Vivid, detailed descriptions of the exotic and familiar

The Armadillo: The balloons, while fiery, are familiar; they are objects of the ordinary, known by all audiences and present in all facets of life, such as times of celebration. Bishop enforces their ordinariness by revealing that their appearance is not a surprise; as she tells us, ‘This is the time of year’ when they appear. However the exotic is also presented to the reader, as we hear of when ‘Once up against the sky it’s hard/ to tell them from the stars -/ planets, that is – the tinted ones:/ Venus going down, or Mars,/ or the pale green one.’ These planets are presented as the exotic as they are as unfamiliar to the audience as balloons are familiar; while readers would be very aware of balloons, such as their movement (which Bishop speaks of in the poem) and their physical nature, most would have comparatively little knowledge of the planets. The mixture of the exotic and the familiar here may be seen to represent the experience of Bishop and others in the time of the Cold War where the uncertain chaos of war intruded on the familiar certainty of everyday life; this distortion of life is represented aptly by the odd comparison of balloons and planets.

The Waiting Room: The waiting room is in the arena of the familiar, decorated with ‘overcoats,/ lamps and magazines’, which one would expect in such a setting. While Bishop waits in this place she reads a magazine and is immediately exposed to the exotic, from a volcano which is ‘black, and full of ashes;/ then it was spilling over/ in rivulets of fire’ to the famous husband-and-wife explorers and writers, ‘Osa and Martin Johnson/ dressed in riding breeches,/ laced boots, and pith helmets’. On one level, the mixture of the familiar and the exotic may be present so as for Bishop to explore and realize the need to be different, and individual in the world. When she hears a cry from her aunt in the dentist’s office she realizes the cry is from her also, and the exotic may be present so as to show Bishop the possibility to be individual and different in the world, which leads her to ask ‘Why should I be my aunt,/ or me, or anyone?’. The title of the poem may thus be seen as a commentary on Bishop waiting passively before she realized the possibility of being individual. If she had not been exposed to the exotic and kept on waiting there was a very real possibility that she may have eventually suffered the fate she worried was possible: ‘falling off/ the round, turning world./ into cold, blue-black space’.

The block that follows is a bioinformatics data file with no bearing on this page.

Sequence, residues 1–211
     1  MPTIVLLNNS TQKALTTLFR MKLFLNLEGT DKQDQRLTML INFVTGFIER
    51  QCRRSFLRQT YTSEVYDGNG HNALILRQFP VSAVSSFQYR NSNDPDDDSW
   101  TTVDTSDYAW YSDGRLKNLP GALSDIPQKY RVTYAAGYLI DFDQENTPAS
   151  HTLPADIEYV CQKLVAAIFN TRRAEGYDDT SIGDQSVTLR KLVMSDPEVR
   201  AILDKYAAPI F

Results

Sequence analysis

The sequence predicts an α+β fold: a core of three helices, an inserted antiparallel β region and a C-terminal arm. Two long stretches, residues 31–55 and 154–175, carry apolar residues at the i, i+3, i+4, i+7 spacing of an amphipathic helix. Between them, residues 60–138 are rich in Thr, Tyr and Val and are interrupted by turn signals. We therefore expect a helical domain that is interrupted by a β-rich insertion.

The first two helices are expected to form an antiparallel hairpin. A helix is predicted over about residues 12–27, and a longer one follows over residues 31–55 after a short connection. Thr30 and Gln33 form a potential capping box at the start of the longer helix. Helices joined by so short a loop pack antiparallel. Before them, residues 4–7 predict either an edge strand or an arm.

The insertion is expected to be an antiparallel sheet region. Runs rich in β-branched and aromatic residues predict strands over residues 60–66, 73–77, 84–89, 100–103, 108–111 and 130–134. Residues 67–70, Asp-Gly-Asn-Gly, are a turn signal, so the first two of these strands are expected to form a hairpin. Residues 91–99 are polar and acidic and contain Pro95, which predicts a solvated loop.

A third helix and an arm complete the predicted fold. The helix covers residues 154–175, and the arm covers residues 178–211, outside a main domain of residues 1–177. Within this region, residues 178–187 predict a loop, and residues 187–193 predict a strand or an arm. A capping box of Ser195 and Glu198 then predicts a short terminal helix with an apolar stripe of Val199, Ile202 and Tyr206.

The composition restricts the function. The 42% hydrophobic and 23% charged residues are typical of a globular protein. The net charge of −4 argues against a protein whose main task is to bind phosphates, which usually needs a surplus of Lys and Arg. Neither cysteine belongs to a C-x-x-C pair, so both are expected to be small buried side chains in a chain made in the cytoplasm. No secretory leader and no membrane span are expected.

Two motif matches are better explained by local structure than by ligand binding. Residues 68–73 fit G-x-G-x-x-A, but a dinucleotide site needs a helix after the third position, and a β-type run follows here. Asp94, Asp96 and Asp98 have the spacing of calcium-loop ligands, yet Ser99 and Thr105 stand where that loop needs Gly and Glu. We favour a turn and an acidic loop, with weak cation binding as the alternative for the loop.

The Filling Station: In the poem the ordinary is seen with the banal filling station. As the poem begins the station appears normal; it is ‘oil-soaked, oil-permeated’, and its physical appearance would not cause a second glance, with its ‘cement porch/ behind the pumps, and on it/ a set of crushed and grease-impregnated wickerwork’. However there is also the exotic present in some form, represented by items that are not only alien to the masculine-dominated space but also generally, such as ‘begonia’. Such items of the exotic are linked to the maternal figure that is not present, and their very presence might be seen as hopeful, as it suggests that while a maternal figure is not present her influence and effect may not be forgotten and perhaps will be echoed at some stage. However the oiling of the begonia suggests that such items, of the exotic, are gradually being overpowered by the domestic and will eventually disappear, leaving behind the domestic world which is a place where maternal figures are no longer present, and soon where their influence will not be either.